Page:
By September 1987, however, when Christopher entered the fourth grade, his parents had become disenchanted with his educational progress, or lack of it, in the Stow school system. Rather than return him to public school, they enrolled Christopher in Carroll School, a private school in Lincoln, Massachusetts that is devoted to teaching children with learning disabilities. The Amanns say that some representative of the Stow school system recommended sending Christopher to a private school. However, the Amanns never asked for or obtained Stow's formal consent to the transfer, nor did they formally reject the then-current IEP calling for Christopher to attend public school, or request a hearing on its adequacy.
Christopher attended the fourth and fifth grades at Carroll School, at his parents' expense. During this time, neither Stow nor Carroll School reviewed or revised the IEP that the Town had promulgated in December 1986, and that would, in the normal course of events, have come up for examination in December 1987. Stow considered Christopher's enrollment at Carroll School to be a unilateral, private placement that extinguished the Town's obligations under the IDEA, while Carroll School does not create IEPs for privately funded students.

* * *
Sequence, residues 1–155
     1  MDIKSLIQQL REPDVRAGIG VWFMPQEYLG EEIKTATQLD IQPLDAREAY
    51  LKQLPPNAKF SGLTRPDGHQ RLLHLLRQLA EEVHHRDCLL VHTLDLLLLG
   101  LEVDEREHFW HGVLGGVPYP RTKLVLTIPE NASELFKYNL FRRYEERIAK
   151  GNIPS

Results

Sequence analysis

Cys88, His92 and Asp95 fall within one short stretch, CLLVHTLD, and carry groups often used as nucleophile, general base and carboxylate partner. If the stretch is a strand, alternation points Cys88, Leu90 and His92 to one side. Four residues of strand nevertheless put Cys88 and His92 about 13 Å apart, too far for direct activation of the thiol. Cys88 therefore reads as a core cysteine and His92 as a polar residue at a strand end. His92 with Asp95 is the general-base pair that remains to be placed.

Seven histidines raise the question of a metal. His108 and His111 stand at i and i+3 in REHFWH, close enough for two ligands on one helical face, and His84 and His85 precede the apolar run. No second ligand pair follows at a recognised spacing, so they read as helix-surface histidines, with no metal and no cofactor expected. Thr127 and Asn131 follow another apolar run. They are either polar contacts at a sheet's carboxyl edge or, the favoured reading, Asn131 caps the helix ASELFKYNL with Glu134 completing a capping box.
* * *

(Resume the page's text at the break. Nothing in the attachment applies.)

This was the status quo until January 1989, when, in the middle of Christopher's fifth-grade term, the Amanns sent Stow a letter asking it to prepare an IEP for Christopher, and, "during the pendency," to pay for his education at Carroll School.
Stow declined to pay Christopher's Carroll School tuition, but it did respond to the request for an IEP. It evaluated Christopher, convened a "team," and in March 1989 came up with a new IEP. The Amanns neither accepted nor rejected this program. Rather, they postponed their decision until after Christopher had been evaluated, at Stow's expense, at Children's Hospital in Boston. In the meantime, Christopher finished fifth grade and entered sixth grade at Carroll School.